Cafe Chat Discussion

  • david
    david
    Posted on:
    29th Apr 2010 06:22pm

    Last Post 26th Sep 2012
    Replies     38

    Chilvary

    have the days of chivalry gone.i still like to open doors for ladies or stand on puvblic transport for ladies.but some women object to this since womens lib has been introduced.what do you think.david

  • Robertofgoodna
    Robertofgoodna
    Posted on:
    3rd May 2010 02:01am

    Robertofgoodna says: This is really important, and is related to immigration. I am 72 years old, with grey salt-and-pepper hair. I have frequently been picked up by a Samoan (in his expensive and worked-for motor car) and been driven to my front door. Samoans' culture is to nurture their children and to care for their elderly. I am so grateful for Samoan culture. Africans, on the other hand (and Sudanese in particular) are totally diffrerent. They have been brought here by accelelerated Visa arrangement, and live on generous government handouts. I was in a packed train a few days ago, and was astonished that no-one stood up for me or even for an elderly lady. I did notice that a young Sudanese student was among those who held on to their seat

  • david
    david
    Posted on:
    3rd May 2010 02:21pm

    Robertofgoodna says: This is really important, and is related to immigration. I am 72 years old, with grey salt-and-pepper hair. I have frequently been picked up by a Samoan (in his expensive and worked-for motor car)...

    david says: well said robert,but i do think manners as we were taugt by our parents is certainly becoming somethink of the past.it is good that a person from another country stood for you.probably teach some young australians some manners.

  • DD
    DD
    Posted on:
    16th Jun 2010 09:19pm

    Robertofgoodna says: This is really important, and is related to immigration. I am 72 years old, with grey salt-and-pepper hair. I have frequently been picked up by a Samoan (in his expensive and worked-for motor car)...

    DD says: That is very sad, and elderly people should be more respected than that. I think it's sad that these young people from, Sudan, as you say, havn't been taight that. Although I believe that you can't really blame them straight out. Maybe thay have not had the opportunity to be taught?

  • Eugine
    Eugine
    Posted on:
    18th Feb 2012 04:07pm

    Robertofgoodna says: This is really important, and is related to immigration. I am 72 years old, with grey salt-and-pepper hair. I have frequently been picked up by a Samoan (in his expensive and worked-for motor car)...

    Eugine says: It doesn't really matter what nationality young people are, there are not many who will give up their seat for the elderly. It is just the way society has changed and reflects the way children are being brought up these days. Many think it is a waste of time doing anything t6o help people these days. How refreshing it is when a person with a trolley load of groceries tells a person with a few items to go ahead of them. It just shows that they cqare.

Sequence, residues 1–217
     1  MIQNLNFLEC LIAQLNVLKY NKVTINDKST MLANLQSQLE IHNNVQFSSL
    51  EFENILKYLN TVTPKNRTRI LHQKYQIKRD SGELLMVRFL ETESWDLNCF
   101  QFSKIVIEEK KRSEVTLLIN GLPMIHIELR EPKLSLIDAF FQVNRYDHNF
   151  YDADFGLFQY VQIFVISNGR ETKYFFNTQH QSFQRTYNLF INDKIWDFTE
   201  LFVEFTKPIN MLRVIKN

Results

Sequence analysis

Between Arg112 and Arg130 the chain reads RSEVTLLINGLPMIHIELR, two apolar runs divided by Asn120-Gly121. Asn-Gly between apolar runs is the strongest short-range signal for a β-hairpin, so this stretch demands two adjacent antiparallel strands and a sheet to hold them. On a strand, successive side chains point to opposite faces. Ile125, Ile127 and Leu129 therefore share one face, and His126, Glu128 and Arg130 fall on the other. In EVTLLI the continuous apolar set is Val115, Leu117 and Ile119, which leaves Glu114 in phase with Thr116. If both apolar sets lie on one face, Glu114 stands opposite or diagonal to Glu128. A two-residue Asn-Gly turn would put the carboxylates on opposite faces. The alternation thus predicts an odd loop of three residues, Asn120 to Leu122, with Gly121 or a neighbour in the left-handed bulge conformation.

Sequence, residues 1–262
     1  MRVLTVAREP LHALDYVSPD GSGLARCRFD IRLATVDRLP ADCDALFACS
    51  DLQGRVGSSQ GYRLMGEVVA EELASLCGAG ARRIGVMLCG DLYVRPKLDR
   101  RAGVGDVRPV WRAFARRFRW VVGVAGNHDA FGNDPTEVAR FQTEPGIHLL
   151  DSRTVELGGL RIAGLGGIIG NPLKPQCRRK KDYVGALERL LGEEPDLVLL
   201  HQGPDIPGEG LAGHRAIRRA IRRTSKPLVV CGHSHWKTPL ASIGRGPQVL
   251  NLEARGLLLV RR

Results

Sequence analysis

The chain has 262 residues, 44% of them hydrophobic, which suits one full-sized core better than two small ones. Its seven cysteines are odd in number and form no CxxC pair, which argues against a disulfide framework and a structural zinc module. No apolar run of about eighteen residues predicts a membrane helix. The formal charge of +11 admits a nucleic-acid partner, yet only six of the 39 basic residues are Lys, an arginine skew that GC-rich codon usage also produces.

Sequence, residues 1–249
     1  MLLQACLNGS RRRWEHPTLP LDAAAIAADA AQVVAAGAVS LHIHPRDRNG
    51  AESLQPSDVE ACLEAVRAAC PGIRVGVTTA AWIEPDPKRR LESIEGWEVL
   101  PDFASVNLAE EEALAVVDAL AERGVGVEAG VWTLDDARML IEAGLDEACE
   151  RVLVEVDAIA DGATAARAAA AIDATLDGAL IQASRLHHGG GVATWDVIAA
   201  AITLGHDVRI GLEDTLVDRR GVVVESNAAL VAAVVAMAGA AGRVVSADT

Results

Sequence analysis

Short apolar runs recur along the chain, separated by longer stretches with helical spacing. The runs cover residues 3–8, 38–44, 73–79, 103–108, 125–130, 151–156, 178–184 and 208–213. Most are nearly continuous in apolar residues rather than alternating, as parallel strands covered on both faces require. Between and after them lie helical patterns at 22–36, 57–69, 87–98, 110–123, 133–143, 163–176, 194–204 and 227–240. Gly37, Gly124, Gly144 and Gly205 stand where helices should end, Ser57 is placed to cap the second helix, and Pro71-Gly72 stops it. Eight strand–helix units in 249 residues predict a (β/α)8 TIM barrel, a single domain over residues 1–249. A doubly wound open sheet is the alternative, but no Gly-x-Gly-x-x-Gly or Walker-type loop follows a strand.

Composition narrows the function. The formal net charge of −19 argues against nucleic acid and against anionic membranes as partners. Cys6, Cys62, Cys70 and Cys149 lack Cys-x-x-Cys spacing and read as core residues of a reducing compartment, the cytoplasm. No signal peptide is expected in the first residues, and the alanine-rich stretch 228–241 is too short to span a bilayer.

• Robertofgoodna
    Robertofgoodna
    Posted on:
    3rd May 2010 06:08pm

    Robertofgoodna says: Thankyou David. I was trying to show that in some cultures chivalry is built-in, and is transferred even after migration (viz Samoan), whereas other cultures don't do the same, for example Sudanese, who seem to think it is their right to receive government handouts, and to ignore chivalry (either to women or to the elderly).

    Of course some modern women sneer at chivalrous gestures, and are liable to say "What the fxxxx are you doing, you lame-brained toad? Don't you think I can open a fxxxxxx door by myself?" Fortunately such common creatures are not common!!!



  • Bellxchat
    Bellxchat
    Posted on:
    5th May 2010 01:03pm

    Bellxchat says: I think chivalry extends to more than opening doors for women, or giving up your seat on public transport. We can re-name it manners or etiquette, and those qualities are never old fashioned. It means being aware of people around you, and treating them with respect and kindness. Say "please', "thank you", "excuse me", and remember to smile. Don't let the reaction of others stop you from being polite and considerate; it's their problem if they can't accept a kindness, and they are the ones missing out on a chance for a brief, but meaningful, encounter with a fellow human being. I smile and say "good morning" to all I meet on my morning walks. Not everyone replies, but my smile and greeting still make me feel good!